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Capercaillie at Spring Lek,  Glenmore NNR. ©Colin Leslie/SNH. For information on reproduction rights contact the Scottish Natural Heritage Image Library on tel. 01738 444177 or www.snh.gov.uk

Abernethy NNR - Scots pine woodland. ©Lorne Gill/SNH. For information on reproduction rights contact the Scottish Natural Heritage Image Library on Tel. 01738 444177 or www.snh.gov.uk/copyright

Woodlands fit for caper

Burning, cutting and cattle grazing

The Royal Society for the Protection of Birds (RSPB) habitat management at Abernethy NNR aims to provide a good mixture of old Scots pine or Scots pine plantations with large amounts of blaeberry...perfect for capercaillie.

Since the reduction in large deer numbers at Abernethy there has been a decline in Scots pine regeneration and an increase in heather height. Neither of these are good news for caper. By mimicking natural ecological 'disturbances' such as fire and large herbivore trampling, RSPB hope to restore most of the ideal habitat requirements for capercaillie.   

To do this RSPB carry out management scale burns within the forest to destroy areas of rank heather and encourage blaeberry growth as well as opening up the forest floor so that Scots pine seedlings can establish.  Their monitoring is showing a marked increase in seedling establishment on the burnt areas.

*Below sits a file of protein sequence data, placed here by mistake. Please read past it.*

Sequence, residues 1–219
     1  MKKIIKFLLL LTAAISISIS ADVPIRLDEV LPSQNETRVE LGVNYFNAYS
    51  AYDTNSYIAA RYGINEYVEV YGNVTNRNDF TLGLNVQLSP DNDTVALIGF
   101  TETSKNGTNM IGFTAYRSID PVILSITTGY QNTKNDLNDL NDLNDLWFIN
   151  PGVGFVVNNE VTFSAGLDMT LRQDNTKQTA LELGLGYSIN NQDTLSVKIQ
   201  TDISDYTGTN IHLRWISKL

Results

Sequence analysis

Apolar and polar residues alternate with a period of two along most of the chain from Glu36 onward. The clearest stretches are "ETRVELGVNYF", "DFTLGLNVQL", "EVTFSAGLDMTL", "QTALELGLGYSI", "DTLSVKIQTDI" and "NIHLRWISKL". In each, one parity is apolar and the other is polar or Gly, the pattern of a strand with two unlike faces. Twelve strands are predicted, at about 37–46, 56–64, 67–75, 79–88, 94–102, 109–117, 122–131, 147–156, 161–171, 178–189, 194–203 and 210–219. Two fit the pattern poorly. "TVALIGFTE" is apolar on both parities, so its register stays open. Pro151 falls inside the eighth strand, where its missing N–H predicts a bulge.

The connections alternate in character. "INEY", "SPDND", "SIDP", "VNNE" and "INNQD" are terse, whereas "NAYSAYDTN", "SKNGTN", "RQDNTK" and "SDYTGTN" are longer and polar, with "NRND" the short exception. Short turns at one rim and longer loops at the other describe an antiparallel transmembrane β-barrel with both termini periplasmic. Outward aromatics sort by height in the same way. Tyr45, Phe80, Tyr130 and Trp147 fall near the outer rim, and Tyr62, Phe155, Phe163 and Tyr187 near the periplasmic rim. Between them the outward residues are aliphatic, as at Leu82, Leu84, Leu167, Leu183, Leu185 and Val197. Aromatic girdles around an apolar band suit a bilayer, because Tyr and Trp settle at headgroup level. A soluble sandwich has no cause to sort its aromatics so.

Cattle are also being used to break down forest floor vegetation and cutting with strimmers means that heather height can be reduced irrespective of weather conditions.

Goodbye to deer fences

It's not just capercaillie that fly into deer fences - so do red and black grouse and other species of bird. Radio-tagging capercaillie has shown that deer fence collisions account for 24% of first year birds mortality and 8% of adults annually.

So at Abernethy, RSPB have removed most of the deer fences and where fences could not be moved (e.g. the boundary fences) they have reduced the height to a stock fence or marked them with orange barrier netting or wooden 'droppers'.  The result is that on fences marked with the orange nets capercaillie mortality has been reduced by 64% and black grouse by 91%.

Nest monitoring

Monitoring of RSPB's habitat management techniques and avian fence collisions has provided critical information on the success of new techniques to try and create better habitat and avoid unnecessary bird mortality.  It is only when we have the data to hand can we prove the success (or otherwise) of our conservation management techniques.

Caper nest monitoring to determine the fate of eggs is also part of a long term study at Abernethy.  But first you have to find your nest.....290 man-hours yielded just 5 nests in 2005!  Once a nest is found, a tiny, camouflage camera is installed above the nest to get an overhead view of the eggs.  The camera is also fitted with infra-red lights so that night time filming can be carried out. A time-lapsed video linked to the camera records an image every fifth of a second - so providing a detailed record of the fate of each nest.  Over the past 3 years, ten nests have been monitored.

Once the study has finished, RSPB hope to get a clearer picture of capercaillie nest survival; the causes of failure and relative importance of each. They can then use this information to target their conservation work more effectively.



Last updated on Wednesday 12th April 2017 at 13:48 PM. Click here to comment on this page